- Elections are an important part of representative democracy. Simultaneous elections with fixed tenure of five years curtail people’s right to express their confidence or displeasure on the government.
- Simultaneous elections will relegate local issues or issues of state importance to the background. This completely ignores the diversity of the country.
- Holding simultaneous election once in five years may also face logistical challenges. For the free and fair conduct of the elections, security forces need to be deployed in large numbers. Given the current strength of security personnel, this may be a challenging task.
Some constitutional questions
Holding simultaneous elections also poses some constitutional questions, which need to be answered. They are,
- To implement the idea, the tenure of some of the State Assemblies needs to be curtailed. How to do it, when the government enjoys the confidence of the legislature?
- How to preserve simultaneity in the event of a vote of no confidence or President’s rule?
- Article 83(2) and Article 172 of the Constitution requires that the Lok Sabha and State legislatures be in existence for five years from the date of its first meeting, “unless dissolved earlier”. This makes it clear that constitution does not guarantee fixed terms to the Lok Sabha and State Assemblies. Simultaneous elections are not possible without fixed tenure.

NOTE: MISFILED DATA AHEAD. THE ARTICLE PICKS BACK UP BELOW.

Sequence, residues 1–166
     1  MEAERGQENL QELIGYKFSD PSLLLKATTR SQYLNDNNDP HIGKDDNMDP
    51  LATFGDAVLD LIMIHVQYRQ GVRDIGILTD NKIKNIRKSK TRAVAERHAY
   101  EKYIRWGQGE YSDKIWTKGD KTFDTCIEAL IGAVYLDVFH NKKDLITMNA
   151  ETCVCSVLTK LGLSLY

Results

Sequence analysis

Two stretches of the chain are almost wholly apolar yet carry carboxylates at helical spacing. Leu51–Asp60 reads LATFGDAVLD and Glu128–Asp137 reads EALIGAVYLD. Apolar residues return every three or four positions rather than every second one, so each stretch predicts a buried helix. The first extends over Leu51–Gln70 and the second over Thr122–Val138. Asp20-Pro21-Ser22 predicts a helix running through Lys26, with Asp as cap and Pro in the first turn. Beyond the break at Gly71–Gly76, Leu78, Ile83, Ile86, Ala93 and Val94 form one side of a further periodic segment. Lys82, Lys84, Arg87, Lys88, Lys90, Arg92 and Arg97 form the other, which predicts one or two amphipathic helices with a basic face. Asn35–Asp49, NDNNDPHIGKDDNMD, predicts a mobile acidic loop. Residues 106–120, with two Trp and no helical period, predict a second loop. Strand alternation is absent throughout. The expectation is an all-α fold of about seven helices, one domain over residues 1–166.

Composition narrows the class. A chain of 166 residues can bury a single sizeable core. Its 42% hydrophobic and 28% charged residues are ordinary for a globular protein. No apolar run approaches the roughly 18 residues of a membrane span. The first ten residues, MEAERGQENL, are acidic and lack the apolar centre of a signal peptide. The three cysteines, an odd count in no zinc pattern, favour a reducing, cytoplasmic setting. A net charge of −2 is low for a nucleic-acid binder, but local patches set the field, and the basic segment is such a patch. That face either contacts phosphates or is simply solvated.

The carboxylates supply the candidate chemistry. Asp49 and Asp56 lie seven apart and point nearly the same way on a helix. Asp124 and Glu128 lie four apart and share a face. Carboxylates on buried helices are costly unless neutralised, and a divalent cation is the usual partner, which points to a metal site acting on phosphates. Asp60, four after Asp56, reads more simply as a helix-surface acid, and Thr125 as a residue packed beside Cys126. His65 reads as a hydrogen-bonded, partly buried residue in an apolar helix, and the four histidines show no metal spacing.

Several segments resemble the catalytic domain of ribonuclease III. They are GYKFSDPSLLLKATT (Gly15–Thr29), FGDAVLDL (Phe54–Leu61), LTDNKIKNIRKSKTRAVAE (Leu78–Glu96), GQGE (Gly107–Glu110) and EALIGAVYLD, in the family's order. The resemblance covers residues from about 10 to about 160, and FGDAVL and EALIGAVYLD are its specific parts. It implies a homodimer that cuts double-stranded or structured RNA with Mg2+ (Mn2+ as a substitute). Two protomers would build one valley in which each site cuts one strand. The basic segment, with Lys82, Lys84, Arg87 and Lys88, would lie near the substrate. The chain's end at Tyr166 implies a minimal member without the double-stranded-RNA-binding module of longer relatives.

- The former vice-president Bhairon Singh Shekhawat proposed a solution. He called for a review of provisions of the no-confidence motion.
- He suggested that no-confidence motion must mandatorily be accompanied by an alternative government formation plan. This prevents premature dissolution of Lok Sabha on account of political instability.
- But critics point out that, this solution will take away people’s right to elect or dismiss a government.
- 79th report of the parliamentary standing committee on Law and Justice recommended a two-phase election schedule – one concurrent with Lok Sabha elections, the second in the mid-term of the Lok Sabha.
- The report also recommended that in order to hold early elections to Lok Sabha and state legislative assemblies, one of two conditions must be met: (i) a motion for an early general election must be agreed to by at least two-thirds of all members of the House; or (ii) a no-confidence motion must be passed by the House, and with no alternative government being confirmed within 14 days of passing a confidence motion.